If java was already installed then it would start the applet, even if the network was not connected. The new recommended practice is to use the deployJava.js script. The problem is that deployJava is always run, and if the network is down then the script hangs up and the applet fails to load (even if all of the required bits of the JRE are present).
<object classid = "clsid:8AD9C840-044E-11D1-B3E9-00805F499D93" codebase = "http://java.sun.com/update/1.4.2/jinstall-1_4-windows-i586.cab#Version=1,4,0,0" etc....
tmoore41 wrote:If you want it to run off pages on the local disk, it is a mystery to me why you do not:
..I am trying to create a web page that contains an applet. These pages can be stored on servers or local disks. If the page is on the local disk, I would like to have it viewable whether or not the internet is connected or not.
tmoore41 wrote:Webstart is only for launching applets (or applications), it definitely does not launch web pages. Your description of a 'monolithic RIA' makes me reconsider the benefit of my advice. Truth is, a lot of people have applets embedded in web pages for no good reason - whereas from your description, it seems that is not the case for your web-app. If the applets (for example) interact with the web page via. JS - that is not a functionality that webstart can emulate/handle.
Thanks for the quick reply Andrew. I don't quite understand your solution, or maybe you don't quite understand my problem. I have a series of web pages, some of them contain applets. This is not a monolithic RIA. I would like to be able to navigate through the web pages on the internet, or off of a CD or local disk with or without internet access. If the client has no internet access I would like the web pages to load if possible. If they do have internet access but no java then I would like to make it easier for them to install java.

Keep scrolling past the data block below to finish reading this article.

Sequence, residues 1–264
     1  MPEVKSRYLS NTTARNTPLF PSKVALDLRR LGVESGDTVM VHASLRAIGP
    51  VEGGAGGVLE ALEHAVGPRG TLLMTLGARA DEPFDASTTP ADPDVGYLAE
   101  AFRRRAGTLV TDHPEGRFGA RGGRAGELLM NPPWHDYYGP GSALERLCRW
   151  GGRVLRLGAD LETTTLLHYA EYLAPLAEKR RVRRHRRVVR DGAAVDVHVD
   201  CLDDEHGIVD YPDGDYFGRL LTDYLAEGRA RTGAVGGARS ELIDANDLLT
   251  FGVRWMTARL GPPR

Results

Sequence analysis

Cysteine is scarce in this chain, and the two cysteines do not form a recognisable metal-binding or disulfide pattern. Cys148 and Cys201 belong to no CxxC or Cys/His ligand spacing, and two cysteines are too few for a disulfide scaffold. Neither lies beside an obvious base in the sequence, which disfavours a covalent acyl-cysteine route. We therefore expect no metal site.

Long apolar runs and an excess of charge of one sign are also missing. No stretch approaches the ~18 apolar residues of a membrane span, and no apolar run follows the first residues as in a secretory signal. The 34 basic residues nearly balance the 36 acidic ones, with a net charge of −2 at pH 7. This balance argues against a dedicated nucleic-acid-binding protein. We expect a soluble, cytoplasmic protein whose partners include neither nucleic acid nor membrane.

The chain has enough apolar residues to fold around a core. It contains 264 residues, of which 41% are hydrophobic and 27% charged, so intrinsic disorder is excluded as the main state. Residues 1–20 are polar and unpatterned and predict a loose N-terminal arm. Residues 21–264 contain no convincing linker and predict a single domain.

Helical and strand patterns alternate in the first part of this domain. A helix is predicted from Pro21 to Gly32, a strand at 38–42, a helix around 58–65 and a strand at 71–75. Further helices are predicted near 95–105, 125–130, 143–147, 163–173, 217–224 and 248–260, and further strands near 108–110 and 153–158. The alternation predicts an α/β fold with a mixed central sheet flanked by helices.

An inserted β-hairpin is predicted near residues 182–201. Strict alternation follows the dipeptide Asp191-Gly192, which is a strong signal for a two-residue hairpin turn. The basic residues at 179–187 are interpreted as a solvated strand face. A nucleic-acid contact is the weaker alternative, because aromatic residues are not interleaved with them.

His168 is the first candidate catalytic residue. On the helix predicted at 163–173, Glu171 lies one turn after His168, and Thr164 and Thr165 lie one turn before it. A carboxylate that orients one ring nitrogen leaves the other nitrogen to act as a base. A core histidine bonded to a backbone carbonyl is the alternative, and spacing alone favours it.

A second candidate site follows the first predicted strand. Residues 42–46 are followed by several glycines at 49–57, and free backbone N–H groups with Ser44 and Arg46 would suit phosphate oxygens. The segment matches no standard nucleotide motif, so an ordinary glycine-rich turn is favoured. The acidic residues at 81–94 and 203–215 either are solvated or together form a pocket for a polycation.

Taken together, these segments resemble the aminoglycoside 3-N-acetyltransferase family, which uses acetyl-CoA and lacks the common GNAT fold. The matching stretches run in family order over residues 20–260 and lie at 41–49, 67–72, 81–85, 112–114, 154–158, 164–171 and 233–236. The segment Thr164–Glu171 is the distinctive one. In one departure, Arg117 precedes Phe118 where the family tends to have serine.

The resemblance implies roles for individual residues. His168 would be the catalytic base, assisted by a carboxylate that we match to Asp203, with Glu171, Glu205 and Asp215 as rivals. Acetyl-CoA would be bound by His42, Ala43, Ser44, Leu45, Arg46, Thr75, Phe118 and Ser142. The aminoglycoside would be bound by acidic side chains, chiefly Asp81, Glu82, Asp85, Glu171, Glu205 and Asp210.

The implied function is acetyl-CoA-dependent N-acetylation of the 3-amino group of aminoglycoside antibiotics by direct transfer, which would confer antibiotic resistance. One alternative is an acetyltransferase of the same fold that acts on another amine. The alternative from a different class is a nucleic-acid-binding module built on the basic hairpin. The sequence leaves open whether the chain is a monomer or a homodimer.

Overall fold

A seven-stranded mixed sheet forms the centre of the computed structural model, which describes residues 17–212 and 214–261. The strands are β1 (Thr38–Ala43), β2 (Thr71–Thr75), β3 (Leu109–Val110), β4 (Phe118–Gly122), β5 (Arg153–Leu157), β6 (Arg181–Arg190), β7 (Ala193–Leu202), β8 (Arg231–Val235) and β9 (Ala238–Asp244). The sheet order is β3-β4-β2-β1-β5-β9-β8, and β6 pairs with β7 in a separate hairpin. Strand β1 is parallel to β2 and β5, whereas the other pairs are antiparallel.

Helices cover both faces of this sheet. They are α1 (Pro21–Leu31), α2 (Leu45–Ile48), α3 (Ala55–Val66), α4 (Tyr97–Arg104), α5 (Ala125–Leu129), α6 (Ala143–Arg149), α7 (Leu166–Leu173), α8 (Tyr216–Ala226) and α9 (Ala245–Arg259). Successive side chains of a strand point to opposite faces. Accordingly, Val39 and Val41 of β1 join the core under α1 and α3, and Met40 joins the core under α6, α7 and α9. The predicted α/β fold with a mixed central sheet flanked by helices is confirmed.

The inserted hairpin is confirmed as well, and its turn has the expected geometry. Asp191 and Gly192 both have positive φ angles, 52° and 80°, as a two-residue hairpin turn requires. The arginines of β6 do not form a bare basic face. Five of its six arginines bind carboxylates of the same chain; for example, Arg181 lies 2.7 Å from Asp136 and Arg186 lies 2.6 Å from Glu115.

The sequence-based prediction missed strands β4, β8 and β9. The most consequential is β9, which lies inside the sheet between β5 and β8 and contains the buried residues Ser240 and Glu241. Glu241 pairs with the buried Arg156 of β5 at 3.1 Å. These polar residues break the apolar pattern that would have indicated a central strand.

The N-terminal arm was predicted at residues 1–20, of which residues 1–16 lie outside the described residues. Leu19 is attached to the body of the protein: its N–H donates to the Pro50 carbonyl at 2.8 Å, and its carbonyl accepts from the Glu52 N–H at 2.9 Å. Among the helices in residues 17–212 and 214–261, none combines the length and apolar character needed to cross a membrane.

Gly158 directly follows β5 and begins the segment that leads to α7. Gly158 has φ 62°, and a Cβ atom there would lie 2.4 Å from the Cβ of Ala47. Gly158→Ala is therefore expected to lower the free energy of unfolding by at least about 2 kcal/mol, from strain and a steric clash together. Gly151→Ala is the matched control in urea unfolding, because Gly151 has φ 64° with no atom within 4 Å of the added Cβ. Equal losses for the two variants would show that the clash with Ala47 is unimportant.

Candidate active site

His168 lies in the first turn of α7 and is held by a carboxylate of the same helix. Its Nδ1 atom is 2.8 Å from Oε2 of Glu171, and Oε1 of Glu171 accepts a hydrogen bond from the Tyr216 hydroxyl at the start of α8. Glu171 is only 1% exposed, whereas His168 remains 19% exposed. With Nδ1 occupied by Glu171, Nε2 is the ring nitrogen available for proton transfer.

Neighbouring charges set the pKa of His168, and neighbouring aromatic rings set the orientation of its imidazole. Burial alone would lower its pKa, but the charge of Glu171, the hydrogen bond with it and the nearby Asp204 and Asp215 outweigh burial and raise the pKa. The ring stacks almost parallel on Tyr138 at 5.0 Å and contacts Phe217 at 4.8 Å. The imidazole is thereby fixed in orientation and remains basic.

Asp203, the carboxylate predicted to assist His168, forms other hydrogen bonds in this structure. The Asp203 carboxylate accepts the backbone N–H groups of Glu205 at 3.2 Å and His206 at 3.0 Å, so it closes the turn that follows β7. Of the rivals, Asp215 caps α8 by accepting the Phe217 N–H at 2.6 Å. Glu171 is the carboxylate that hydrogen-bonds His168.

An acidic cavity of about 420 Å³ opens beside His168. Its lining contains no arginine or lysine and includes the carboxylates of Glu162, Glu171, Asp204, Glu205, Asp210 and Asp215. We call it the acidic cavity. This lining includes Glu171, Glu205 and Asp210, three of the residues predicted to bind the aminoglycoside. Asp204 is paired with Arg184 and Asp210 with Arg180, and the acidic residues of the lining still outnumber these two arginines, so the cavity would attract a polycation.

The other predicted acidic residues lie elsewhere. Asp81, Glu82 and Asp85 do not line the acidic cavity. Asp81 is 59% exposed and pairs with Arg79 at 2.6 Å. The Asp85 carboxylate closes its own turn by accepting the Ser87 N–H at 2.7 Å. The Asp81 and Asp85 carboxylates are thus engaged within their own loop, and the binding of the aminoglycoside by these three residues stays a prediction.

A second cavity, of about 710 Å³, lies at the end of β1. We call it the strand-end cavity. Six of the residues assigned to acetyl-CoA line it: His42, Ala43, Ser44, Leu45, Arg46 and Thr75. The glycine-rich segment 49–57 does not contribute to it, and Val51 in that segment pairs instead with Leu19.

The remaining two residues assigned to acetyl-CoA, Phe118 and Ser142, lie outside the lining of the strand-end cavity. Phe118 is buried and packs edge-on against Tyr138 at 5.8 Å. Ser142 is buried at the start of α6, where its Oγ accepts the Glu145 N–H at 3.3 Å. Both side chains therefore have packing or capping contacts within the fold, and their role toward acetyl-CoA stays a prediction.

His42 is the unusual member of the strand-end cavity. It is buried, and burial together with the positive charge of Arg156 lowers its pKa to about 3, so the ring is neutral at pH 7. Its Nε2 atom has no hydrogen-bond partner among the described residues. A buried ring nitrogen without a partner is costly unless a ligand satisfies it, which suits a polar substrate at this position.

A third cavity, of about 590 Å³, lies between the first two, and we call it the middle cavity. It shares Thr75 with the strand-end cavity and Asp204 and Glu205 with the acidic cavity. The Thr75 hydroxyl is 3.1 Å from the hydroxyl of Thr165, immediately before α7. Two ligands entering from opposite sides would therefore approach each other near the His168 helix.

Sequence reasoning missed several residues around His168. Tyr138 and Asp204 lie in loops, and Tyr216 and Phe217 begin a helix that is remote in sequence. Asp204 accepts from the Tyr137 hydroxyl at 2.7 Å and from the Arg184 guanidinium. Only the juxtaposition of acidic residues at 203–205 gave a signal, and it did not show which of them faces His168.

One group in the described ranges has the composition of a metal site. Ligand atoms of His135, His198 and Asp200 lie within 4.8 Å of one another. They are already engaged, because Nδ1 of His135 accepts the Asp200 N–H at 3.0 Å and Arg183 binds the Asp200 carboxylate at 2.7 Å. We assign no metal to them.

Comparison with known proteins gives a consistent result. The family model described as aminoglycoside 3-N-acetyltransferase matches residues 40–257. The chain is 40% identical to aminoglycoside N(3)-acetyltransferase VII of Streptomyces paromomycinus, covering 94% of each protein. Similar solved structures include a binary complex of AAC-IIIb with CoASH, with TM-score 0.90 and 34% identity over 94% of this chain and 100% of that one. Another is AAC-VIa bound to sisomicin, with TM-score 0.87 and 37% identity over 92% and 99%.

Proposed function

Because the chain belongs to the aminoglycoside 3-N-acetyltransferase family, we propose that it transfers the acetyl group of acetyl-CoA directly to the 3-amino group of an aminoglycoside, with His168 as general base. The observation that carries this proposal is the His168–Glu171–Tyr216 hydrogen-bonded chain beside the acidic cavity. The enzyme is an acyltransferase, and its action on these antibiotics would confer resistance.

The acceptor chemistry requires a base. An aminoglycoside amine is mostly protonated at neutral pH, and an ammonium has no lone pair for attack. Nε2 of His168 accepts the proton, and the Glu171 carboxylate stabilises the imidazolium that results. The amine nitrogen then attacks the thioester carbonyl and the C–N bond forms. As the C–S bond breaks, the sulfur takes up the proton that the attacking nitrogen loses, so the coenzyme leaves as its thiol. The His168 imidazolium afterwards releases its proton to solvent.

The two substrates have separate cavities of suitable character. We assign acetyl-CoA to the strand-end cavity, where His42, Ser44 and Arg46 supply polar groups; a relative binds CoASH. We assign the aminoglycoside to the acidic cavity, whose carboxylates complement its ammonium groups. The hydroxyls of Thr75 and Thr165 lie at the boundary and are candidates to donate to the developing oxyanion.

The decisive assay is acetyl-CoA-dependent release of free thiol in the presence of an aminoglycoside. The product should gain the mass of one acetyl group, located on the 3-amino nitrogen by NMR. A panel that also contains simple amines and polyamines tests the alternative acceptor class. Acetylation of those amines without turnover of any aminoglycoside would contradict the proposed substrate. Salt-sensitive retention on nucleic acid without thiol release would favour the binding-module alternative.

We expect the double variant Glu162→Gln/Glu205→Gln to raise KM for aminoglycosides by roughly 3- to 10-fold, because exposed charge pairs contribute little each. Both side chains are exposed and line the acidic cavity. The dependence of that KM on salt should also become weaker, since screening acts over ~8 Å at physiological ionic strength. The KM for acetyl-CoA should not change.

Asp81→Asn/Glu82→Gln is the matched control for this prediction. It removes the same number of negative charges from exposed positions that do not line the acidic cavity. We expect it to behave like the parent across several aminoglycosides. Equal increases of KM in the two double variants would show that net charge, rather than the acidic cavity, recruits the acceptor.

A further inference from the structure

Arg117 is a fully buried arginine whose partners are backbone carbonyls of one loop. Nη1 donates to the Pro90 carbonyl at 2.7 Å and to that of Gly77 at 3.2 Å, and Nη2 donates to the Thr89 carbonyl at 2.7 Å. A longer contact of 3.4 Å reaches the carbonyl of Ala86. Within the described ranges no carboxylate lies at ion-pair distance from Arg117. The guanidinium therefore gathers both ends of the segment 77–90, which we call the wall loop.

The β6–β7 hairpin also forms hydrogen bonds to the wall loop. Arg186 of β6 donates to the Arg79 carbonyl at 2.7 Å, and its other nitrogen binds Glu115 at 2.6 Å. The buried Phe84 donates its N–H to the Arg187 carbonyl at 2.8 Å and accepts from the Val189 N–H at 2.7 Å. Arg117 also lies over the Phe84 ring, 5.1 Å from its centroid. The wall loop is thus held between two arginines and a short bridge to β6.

When you say "Launch it using webstart" what do you mean by 'it'? The web page?
tmoore41 wrote:Good question. I had to chase up the webmaster of mindprod.com to alter his pages to reflect that the preferred method was to hot-link to Sun's own script. It never occured to me to question that Sun might not allow not hot-linking to the script. Now I go looking over their documentation on the script, it is not really clear.
Ok, I'll give it a try just to see what happens. I am not sure that this is such a good solution however:
1) I am not sure that I have permission to redistribute deployJava.js with my project. What is the license for it? When I download the script it has been stripped of all comments.
2) How can I ensure that the installation methods will be kept up to date If I 'hard code' the deployment methods by distributing them myself?You can't. That is one downside of using a copy of the script.
.. Are there specific version dependencies within the deployJava.js script that need to be updated once in a while?Not that I know of. Though Sun might upload changes to correct bugs in various browsers.
I am guessing that one of the design elements of the 'deployJava.js' script is that since it is on a sun server it can be kept up to date over time. This cannot happen once it is frozen in to my distribution.Well summed up.
It would be nice if deployJava.js checked if the java install was adequate, and if not then went out to the network to get instructions on what to do next. It is too hard for me to tell what is going on in the whitespaced-stripped file however. Any internal documentation on what deployJava.js does?See what you can figure from the link above, and related documentation.